Thursday, January 23, 2014

A Master of Mysteries

Elizabeth Thomasina Meade Smith (1844–1914) wrote under the name L. T. Meade, producing countless stories for girls. She also wrote in a variety of other genres, including mysteries and occult detective stories. Most of these were co-authored with Eustace Robert Barton (1854–1943) who wrote under the name Robert Eustace.

A Master of Mysteries, published in 1898, is one of their collections of what could be described as occult detective stories although in fact the hero of these stories, John Bell, is man who specialises in finding rational explanations for apparently occult or inexplicable events such as hauntings. The explanations usually involve a crime, and it is generally a strange and outlandish crime.

This slim volume comprises six stories. The first two stories, The Mystery of the Circular Chamber and The Warder of the Door, are relatively conventional stories of this type dealing with a haunted room in an old house and a family curse involving a door that must always be guarded. The explanations are rational enough although they are also pleasingly bizarre.

In The Mystery of the Felwyn Tunnel Bell must solve a series of unexplained deaths that have occurred near a railway tunnel. Murder is suspected and the police have a suspect but Bell is not so sure that these events are as clear-cut as they seem.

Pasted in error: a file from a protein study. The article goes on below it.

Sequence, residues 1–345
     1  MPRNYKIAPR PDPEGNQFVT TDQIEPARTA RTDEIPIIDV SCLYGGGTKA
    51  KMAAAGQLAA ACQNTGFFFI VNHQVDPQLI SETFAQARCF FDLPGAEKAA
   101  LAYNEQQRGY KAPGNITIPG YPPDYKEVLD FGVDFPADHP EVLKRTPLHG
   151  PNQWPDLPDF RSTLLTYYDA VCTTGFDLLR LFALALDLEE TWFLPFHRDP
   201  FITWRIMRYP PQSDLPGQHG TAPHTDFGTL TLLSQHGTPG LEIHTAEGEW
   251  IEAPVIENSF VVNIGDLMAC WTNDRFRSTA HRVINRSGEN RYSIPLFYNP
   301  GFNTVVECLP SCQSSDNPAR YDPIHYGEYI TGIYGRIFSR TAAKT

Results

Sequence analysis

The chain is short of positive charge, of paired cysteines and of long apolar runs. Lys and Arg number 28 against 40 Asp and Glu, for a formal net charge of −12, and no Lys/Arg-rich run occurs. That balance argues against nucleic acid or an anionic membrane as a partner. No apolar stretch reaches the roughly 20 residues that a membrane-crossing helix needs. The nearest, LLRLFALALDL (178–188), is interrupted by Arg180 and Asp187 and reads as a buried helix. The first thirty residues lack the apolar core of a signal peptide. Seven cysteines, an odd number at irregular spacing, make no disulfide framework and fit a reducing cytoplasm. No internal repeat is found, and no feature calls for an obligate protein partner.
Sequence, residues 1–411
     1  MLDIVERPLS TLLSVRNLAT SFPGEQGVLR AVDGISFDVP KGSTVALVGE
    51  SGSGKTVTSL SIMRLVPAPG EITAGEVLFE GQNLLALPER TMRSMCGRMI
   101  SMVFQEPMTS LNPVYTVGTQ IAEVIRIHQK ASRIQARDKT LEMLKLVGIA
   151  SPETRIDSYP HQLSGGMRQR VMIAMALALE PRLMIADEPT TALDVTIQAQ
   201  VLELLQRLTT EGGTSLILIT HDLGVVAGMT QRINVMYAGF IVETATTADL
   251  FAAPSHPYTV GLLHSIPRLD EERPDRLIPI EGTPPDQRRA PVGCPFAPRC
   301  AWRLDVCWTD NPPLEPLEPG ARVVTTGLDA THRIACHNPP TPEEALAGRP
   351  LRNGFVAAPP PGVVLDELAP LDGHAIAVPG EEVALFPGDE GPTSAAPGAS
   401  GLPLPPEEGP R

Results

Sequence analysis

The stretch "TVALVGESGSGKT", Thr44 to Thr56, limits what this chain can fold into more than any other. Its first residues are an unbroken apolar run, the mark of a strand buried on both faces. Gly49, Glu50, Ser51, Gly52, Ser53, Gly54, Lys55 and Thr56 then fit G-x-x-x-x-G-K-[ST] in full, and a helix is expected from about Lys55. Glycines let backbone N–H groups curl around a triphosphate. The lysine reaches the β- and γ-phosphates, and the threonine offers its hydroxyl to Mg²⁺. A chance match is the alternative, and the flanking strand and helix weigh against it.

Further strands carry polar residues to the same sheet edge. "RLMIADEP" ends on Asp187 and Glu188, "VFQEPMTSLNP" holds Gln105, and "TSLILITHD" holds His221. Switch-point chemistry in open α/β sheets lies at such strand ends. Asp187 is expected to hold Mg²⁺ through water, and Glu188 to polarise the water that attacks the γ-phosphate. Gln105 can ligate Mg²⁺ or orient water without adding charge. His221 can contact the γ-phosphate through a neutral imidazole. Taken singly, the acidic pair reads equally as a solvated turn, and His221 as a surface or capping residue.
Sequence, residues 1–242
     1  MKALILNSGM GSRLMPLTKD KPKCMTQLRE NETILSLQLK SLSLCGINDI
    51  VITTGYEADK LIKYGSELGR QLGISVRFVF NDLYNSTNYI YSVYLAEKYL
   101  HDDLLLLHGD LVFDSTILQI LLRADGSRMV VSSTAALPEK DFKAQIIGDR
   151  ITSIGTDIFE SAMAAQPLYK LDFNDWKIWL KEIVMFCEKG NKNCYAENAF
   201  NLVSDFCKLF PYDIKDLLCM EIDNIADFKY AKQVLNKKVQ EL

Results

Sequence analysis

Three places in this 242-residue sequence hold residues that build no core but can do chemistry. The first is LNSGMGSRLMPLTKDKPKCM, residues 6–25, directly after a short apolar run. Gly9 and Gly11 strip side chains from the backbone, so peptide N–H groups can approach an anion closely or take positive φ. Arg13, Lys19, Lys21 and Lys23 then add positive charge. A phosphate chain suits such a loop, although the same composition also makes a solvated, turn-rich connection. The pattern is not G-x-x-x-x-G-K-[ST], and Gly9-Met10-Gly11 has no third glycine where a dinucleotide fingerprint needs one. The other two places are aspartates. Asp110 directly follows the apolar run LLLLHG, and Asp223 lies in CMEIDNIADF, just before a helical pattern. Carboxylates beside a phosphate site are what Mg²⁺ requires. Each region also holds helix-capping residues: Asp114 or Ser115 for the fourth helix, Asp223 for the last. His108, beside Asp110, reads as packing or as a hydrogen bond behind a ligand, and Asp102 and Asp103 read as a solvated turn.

With The Eight-Mile Lock things get a lot stranger. Bell is fairly sure he knows who was responsible for the theft of a very valuable diamond necklace but he needs to discover how the theft was carried out. The methods turns out to be spectacularly bizarre. Like many of the stories of these authors, in this and other collections, the method involves technology that was very high-tech indeed in the 1890s. The authors were clearly fascinated by technology and gadgetry and this fascination is one of the greatest strengths of their stories. At times, as in the story, we are almost approaching what today would be described as steampunk.

The solution to the mystery of How Siva Spoke involves a delightfully outrageous piece of gadgetry, not perhaps high-tech but certainly incredibly ingenious. An eccentric elderly man who has embraced the religion of Brahminism is convinced that he is receiving messages from an idol of the god Siva. As a result of this he is about to be committed to an asylum. Bell has serious doubts as to whether the man is really mad, but at the same time the old gentleman is adamant that the idol really speaks to him. Bell fears that the consequences may be more serious than a committal to an asylum.

To Prove an Alibi also relies on a clever piece of gadgetry, in fact several pieces of gadgetry, and Bell is faced with a thrilling race against time to save the life of an old friend.

The stories are similar in tone to another excellent collection by these two authors, The Brotherhood of the Seven Kings, which recounts the crimes of the evil Madame Koluchy, one of fiction’s finest female diabolical criminal masterminds.

It’s the pseudoscientific gadgetry that is the great appeal of these stories and the authors certainly possessed fertile imaginations in this area. These are not stories to be taken too seriously but they are enormous fun and they do provide some genuine chills and thrills. A Master of Mysteries is delightful offbeat entertainment and is recommended.

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